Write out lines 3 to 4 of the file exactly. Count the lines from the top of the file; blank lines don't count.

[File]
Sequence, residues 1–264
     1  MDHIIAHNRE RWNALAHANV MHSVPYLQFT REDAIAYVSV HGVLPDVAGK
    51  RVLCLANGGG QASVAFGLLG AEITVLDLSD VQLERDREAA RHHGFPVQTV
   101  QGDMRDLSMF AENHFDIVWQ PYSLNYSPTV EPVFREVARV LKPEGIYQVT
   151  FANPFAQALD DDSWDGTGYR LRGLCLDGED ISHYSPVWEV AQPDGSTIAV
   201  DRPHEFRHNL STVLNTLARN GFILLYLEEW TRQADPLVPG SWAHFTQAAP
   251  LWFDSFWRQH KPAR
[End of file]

    51  RVLCLANGGG QASVAFGLLG AEITVLDLSD VQLERDREAA RHHGFPVQTV
   101  QGDMRDLSMF AENHFDIVWQ PYSLNYSPTV EPVFREVARV LKPEGIYQVT